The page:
Rosemary is my de-cluttering guru. She runs a de-cluttering business called From Clutter2Clarity. That means she helps me clean out when stuff overwhelms, and on occasion, she’ll police things to see how I’m getting along. It’s a full service business. She thinks I have too many cookbooks, but then she’s not a food person and doesn’t understand the compulsion. Certain stuff isn’t really clutter if you like it. In that case, it’s called “a collection” and that’s OK.
We like to treat ourselves to a special quintessential New York City Saturday afternoon each spring. This year’s treat is a five course afternoon tea at Lady Mendl’s Tea Salon at 56 Irving Place in New York City. The neighborhood has an Edith Warton Gilded Age quality with lovely brownstones and tree lined streets.
Lady Mendl’s is tucked inside the Inn at Irving Place. Step inside and you’ve entered another era. Lady Mendl was an American actress known as Elsie de Wolfe, who enjoyed the occasional scandal but married a diplomat and lived in high society. She knew how to make an entrance, and would arrive at a fancy dress party doing handsprings. Her life story is enough to make Agatha Christie’s tea-drinking Miss Marple’s pulse race with excitement.
Lady Mendl was also a decorator and was rumored to have a fondness for covering foot stools in leopard-skin chintz. She and Rosemary would have gotten along well. Today Rosemary is more minimalist, wearing an elegant rose-colored top and sleek black slacks. The air smells of lavender and candles flicker around us. It is a respite from the gray and windy day outside.
I’ve probably never mentioned my long time fascination with afternoon tea, which developed along with an early addiction for Agatha Christie whodunits. In my salad days (all I’ll say is it was the previous century) I visited London and dressed up in a suit and tie one afternoon (haven’t done that in years) and took myself to a proper tea at the renowned Brown’s Hotel on Albermarle Street in the Mayfair district. Brown’s opened in 1837, the year Queen Victoria came to the throne. I still have the check. It was a nostalgic 6.50 pounds sterling.
Lady Mendl’s reminds me of that first tea. We start with a bite-sized savory butternut squash tart appetizer topped with crème fraiche.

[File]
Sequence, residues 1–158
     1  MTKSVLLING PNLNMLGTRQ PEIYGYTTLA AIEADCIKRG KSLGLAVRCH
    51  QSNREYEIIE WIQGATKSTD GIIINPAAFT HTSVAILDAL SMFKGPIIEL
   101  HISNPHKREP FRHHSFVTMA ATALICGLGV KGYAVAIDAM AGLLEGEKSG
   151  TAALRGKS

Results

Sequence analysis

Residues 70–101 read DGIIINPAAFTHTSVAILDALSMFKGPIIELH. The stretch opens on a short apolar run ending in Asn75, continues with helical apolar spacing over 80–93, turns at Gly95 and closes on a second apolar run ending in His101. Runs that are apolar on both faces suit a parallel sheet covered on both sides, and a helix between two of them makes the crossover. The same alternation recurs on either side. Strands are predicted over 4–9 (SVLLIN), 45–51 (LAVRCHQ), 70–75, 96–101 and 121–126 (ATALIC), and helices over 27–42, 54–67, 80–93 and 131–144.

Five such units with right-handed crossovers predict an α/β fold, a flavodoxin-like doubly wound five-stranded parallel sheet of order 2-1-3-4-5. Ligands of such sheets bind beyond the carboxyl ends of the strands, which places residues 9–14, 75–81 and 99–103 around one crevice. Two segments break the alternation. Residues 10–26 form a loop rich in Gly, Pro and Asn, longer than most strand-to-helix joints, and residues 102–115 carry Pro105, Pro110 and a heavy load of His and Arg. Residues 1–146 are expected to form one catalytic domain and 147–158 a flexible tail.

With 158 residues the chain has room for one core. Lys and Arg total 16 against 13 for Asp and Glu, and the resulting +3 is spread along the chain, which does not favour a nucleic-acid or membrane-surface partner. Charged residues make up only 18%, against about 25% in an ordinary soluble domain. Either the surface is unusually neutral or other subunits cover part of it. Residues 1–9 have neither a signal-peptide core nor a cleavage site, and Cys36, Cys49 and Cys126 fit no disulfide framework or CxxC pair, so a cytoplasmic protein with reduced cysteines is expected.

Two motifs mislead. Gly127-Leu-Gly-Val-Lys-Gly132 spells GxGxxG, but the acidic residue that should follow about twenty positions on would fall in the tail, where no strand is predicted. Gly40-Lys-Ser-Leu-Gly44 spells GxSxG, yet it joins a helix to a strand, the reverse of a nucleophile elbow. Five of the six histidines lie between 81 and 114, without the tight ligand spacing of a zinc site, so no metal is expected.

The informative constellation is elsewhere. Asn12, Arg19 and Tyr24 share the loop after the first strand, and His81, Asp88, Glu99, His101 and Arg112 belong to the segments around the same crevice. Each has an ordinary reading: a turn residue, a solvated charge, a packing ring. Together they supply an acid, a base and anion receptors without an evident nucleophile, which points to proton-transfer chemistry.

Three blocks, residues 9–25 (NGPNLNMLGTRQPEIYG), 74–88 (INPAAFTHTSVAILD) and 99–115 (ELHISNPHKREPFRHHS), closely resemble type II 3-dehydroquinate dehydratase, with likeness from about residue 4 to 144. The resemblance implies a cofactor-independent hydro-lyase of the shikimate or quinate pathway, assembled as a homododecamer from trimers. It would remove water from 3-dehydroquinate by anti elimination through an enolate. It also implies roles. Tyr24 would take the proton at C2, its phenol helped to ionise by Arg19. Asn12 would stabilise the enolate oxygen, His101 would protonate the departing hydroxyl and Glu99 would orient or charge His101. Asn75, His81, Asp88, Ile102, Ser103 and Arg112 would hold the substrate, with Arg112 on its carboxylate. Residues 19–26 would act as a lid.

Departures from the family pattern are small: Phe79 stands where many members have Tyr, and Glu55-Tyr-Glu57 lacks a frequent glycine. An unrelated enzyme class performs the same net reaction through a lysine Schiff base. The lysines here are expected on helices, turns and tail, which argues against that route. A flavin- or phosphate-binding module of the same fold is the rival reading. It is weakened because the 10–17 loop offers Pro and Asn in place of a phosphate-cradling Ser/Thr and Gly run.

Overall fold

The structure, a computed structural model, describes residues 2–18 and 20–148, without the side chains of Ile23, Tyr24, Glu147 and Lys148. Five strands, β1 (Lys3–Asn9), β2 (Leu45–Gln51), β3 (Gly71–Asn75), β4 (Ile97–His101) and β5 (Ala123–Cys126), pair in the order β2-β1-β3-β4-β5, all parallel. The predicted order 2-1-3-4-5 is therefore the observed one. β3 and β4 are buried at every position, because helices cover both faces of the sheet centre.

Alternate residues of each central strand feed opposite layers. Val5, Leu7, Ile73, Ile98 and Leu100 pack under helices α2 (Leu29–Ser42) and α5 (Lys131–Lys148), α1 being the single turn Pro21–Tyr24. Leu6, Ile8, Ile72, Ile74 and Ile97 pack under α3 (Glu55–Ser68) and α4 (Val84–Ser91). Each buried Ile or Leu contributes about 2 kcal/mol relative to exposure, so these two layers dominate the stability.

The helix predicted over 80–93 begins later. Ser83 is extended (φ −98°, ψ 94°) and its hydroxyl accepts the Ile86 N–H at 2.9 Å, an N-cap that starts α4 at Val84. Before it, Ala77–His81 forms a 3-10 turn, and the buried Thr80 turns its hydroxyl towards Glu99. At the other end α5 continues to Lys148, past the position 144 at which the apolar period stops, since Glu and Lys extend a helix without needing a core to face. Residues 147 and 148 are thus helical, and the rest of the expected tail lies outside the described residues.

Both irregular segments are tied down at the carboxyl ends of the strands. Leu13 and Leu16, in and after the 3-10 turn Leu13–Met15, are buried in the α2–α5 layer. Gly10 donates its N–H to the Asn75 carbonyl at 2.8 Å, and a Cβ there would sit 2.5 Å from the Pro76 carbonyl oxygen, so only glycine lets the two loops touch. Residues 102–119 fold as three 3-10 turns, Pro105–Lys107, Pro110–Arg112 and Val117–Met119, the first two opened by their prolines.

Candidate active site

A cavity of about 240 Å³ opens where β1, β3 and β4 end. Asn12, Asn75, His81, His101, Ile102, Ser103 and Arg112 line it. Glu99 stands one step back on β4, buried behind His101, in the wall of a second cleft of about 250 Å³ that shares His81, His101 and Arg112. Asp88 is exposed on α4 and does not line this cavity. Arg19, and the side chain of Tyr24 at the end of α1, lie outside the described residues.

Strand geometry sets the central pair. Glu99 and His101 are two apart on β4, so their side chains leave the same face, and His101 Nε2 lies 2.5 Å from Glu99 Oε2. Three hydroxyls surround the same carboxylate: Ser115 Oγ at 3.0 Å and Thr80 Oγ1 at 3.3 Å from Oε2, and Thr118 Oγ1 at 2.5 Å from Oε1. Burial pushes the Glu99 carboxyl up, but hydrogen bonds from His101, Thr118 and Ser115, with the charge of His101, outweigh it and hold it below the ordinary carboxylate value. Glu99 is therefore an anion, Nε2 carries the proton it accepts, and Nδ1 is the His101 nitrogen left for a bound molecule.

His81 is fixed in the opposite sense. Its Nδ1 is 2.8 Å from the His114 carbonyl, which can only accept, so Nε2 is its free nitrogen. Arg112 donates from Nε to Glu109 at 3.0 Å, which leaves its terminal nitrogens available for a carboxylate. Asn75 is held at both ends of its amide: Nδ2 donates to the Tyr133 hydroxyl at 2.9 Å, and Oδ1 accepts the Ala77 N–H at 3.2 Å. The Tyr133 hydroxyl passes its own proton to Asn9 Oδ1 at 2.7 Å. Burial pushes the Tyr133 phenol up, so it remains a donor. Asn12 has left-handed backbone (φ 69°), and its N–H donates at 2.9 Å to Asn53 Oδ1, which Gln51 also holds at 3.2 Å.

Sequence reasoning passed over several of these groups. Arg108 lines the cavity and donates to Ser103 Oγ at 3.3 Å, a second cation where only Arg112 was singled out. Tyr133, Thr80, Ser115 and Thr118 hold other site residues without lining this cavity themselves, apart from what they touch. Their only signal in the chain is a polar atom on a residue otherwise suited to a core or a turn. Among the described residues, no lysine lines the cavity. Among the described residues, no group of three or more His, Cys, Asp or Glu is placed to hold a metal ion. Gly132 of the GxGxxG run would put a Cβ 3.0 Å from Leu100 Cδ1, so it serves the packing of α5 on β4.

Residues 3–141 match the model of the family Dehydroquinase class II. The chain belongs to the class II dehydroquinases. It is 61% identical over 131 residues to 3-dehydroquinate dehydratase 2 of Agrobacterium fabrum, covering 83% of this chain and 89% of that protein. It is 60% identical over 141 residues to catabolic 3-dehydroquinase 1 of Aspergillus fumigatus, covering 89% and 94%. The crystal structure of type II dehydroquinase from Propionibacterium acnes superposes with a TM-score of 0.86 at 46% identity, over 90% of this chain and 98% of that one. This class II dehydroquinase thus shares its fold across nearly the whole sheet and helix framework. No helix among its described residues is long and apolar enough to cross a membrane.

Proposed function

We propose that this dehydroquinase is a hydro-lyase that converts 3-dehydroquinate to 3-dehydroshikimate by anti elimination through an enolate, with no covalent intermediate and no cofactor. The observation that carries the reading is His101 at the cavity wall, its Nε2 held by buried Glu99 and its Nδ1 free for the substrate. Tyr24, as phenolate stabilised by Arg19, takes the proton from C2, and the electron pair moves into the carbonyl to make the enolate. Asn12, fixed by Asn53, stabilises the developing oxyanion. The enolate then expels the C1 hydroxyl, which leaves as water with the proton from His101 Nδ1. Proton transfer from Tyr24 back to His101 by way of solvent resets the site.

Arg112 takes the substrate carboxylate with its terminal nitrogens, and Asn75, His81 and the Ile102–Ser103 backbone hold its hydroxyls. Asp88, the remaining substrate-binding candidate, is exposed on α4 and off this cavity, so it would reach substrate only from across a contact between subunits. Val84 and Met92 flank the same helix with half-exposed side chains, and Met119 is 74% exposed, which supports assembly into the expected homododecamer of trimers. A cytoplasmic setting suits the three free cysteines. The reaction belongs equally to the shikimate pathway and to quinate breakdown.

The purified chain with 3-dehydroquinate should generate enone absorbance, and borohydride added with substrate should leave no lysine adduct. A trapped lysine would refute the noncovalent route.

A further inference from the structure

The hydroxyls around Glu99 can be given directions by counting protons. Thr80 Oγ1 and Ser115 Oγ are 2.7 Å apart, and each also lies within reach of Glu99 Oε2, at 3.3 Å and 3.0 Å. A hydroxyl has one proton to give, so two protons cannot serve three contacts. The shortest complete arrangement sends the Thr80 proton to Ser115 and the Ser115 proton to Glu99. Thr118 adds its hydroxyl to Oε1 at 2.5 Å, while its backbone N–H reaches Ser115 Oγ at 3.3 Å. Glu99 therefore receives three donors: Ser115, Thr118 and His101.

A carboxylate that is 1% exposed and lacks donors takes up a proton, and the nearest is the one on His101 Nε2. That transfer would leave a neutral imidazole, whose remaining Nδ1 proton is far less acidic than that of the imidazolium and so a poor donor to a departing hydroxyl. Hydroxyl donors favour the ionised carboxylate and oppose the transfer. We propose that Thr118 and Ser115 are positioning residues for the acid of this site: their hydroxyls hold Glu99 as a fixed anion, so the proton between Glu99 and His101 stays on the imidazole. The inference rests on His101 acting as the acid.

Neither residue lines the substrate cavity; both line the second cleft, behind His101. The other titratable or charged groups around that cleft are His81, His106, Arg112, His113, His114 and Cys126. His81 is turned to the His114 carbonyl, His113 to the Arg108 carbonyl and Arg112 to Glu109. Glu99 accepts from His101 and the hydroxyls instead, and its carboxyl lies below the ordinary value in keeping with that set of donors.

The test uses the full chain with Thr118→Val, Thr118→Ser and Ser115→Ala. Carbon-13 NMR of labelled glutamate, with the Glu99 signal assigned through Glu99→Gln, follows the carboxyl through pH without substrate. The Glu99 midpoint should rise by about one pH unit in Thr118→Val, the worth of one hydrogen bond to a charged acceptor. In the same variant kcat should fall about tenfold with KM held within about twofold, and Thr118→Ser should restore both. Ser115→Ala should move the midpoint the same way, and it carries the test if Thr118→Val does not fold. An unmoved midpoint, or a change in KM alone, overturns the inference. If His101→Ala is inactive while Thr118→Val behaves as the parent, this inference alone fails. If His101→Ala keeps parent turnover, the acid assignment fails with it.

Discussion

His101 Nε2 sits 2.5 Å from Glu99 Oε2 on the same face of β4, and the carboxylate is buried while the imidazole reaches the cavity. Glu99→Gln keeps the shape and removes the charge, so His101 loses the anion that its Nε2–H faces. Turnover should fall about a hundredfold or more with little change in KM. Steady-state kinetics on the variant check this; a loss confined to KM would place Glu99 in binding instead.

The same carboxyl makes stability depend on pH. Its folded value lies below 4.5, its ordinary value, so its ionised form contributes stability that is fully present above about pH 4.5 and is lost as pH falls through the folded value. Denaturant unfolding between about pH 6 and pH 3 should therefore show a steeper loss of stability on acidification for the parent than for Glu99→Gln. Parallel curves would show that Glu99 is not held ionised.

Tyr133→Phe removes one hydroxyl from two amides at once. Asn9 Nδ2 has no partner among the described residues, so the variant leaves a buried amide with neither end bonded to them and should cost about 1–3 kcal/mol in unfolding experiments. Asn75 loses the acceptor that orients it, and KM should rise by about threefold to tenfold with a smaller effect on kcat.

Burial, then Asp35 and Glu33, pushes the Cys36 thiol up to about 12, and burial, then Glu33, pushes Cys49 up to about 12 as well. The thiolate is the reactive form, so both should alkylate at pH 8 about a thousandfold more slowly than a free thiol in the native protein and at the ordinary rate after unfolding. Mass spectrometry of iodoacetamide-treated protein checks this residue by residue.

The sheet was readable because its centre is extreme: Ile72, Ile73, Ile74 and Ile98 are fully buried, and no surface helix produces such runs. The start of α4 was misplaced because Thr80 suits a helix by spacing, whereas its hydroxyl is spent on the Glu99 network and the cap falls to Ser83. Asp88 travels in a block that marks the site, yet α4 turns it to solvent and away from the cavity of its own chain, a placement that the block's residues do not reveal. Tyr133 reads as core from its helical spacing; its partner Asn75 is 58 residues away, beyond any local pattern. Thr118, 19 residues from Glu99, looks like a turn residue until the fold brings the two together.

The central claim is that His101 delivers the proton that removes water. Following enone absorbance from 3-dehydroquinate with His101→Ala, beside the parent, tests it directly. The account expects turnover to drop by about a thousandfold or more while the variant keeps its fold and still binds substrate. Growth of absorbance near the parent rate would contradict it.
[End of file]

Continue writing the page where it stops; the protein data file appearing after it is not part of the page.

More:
We nibble as if aristocracy. Shortly a server dressed in monochromatic gray arrives with a heaping platter of finger sandwiches. There is Smoked Salmon with Dill Cream Cheese on Pumpernickel, Cucumber with Mint Crème Fraiche on Brioche, Classic Egg Salad on rye, and Smoked Turkey and Cranberry on Seven Grain.
We are given two helpings of sandwiches, but at this point, there is a slight snag in the serenity. The server whisks my plate away before I’ve even finished a bite of sandwich, and is preparing to bring a course of scones with clotted cream and preserves. Rosemary asks if we can slow the pace just slightly, and the server informs us in a starchy tone that the tea service is only 90 minutes long, and they are required to keep things briskly moving along. This is a mere 30 minutes after we’ve taken our seats.
We retaliate politely by lingering over our scones, savoring every morsel and each dollop of decadent clotted crème. In between, there is more clarifying tea, enough to submerge ourselves in a sea of clarity.
The dessert course is a grand 20-layer crepe cake layered with pastry cream and drizzled with strawberry sauce. The actual recipe for this cake is a closely guarded secret.
At this point, our sense of clarity is perhaps obscured by a not-unpleasant sugar surge, reinforced with a plate of assorted cookies and chocolate covered strawberries.
As the tea service concludes - right on schedule - we are presented with the bill and are efficiently shooed away. The gratuity is included, the slight irony of which is somewhat lost in the sugar rush.
We prepare to leave the salon doing handsprings. Lady Mendl would have been proud.
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